Walter of Pontoise

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Saint Walter of Pontoise
Born c. 1030
Andainville, Picardy
Died Good Friday c. 1099
Honored in Roman Catholic Church
Canonized 1153 by Hugh de Boves, the Archbishop of Rouen
Feast April 8
Patronage prisoners; prisoners of war; vintners; invoked against job-related stress[1][2]

Saint Walter of Pontoise (French: Saint Gautier, Gaultier, Gaucher) (ca. 1030 – ca. 1099) was a French saint of the eleventh century. Born at Andainville,[3] he was a professor of philosophy and rhetoric before becoming a Benedictine monk at Rebais (diocese of Meaux). A story told of him is that while a novice, Walter took pity on an inmate at the monastery prison, and helped the prisoner to escape.[2]

Philip I appointed him abbot of a new foundation at Pontoise, despite Walter’s protestations. The foundation of Pontoise was initially dedicated to Saint Germanus of Paris but then was dedicated to Saint Martin. The discipline at this new foundation was lax, and Walter fled the house several times to avoid this responsibility.[4]

Walter left his position at Pontoise to become a monk at Cluny under Hugh but he was forced to return to Pontoise.[4] A story told of him was that he once took the road to Touraine and hid himself on an island in the Loire, before being led back to the abbey.[3] He also escaped to an oratory near Tours dedicated to Cosmas and Damian before being recognized by a pilgrim there.[4]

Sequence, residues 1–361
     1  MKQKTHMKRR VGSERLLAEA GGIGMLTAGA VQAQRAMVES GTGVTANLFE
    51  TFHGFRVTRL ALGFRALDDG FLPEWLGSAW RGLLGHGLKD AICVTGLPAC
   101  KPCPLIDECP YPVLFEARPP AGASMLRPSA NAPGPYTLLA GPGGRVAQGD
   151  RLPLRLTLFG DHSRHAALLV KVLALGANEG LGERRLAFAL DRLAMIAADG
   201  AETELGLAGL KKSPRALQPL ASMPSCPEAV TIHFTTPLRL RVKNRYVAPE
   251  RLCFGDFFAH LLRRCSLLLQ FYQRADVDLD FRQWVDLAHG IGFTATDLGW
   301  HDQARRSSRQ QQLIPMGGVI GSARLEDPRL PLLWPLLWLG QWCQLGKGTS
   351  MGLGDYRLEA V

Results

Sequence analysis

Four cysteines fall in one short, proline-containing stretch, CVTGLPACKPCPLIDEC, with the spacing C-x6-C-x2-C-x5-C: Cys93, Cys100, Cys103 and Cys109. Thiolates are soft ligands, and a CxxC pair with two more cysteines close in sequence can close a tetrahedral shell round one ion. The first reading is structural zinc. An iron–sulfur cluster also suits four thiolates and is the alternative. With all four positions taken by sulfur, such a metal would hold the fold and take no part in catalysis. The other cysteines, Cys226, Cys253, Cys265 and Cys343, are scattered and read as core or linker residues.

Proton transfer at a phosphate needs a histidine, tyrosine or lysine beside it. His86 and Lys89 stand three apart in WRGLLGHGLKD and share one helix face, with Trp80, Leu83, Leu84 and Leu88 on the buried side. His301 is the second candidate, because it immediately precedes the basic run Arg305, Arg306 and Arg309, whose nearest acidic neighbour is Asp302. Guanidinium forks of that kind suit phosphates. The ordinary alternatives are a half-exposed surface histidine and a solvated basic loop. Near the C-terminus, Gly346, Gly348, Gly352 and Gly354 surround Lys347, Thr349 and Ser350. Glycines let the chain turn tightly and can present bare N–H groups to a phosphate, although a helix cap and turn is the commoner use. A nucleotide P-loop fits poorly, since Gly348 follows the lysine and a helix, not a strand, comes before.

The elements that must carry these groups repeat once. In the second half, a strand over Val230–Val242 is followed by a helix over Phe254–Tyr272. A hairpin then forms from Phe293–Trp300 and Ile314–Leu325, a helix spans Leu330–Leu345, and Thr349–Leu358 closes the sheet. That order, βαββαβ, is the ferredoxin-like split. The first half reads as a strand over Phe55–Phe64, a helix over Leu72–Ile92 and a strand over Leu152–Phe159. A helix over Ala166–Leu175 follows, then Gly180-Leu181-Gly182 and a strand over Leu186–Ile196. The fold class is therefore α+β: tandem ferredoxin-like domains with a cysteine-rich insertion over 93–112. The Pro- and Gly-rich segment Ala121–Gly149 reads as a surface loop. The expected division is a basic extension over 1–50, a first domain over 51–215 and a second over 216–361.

After being forced to return again, this time Walter decided to go to Rome to appeal directly to the Pope. Walter gave Pope Gregory VII his written resignation, but Gregory ordered him to assume his responsibilities as abbot and never leave again.[4]

Thereafter, he campaigned against the abuses and corruptions of his fellow Benedictines, and was beaten and imprisoned. He resumed his work after being released. He founded, in 1094, at Berteaucourt-les-Dames near Amiens, a monastery for women, with the assistance of Godelinda and Elvige (also spelled Godelende and Héleguide).[4][5]

Veneration[edit]

Walter was buried in the abbey at Pontoise. He was canonized by Hugh de Boves, the Archbishop of Rouen in 1153, and was the last saint in Western Europe to have been canonized by an authority other than the Pope.[6][7] “The last case of canonization by a metropolitan is said to have been that of St. Gaultier, or Gaucher, abbat [sic] of Pontoise, by the Archbishop of Rouen, A.D. 1153. A decree of Pope Alexander III, A.D. 1170, gave the prerogative to the pope thenceforth, so far as the Western Church was concerned.”[6]

During the French Revolution, his body was translated to the cemetery of Pontoise, and was later lost.[4] The College of Saint Martin of Pontoise, now an Oratorian foundation, celebrates his feast.[4]

References[edit]

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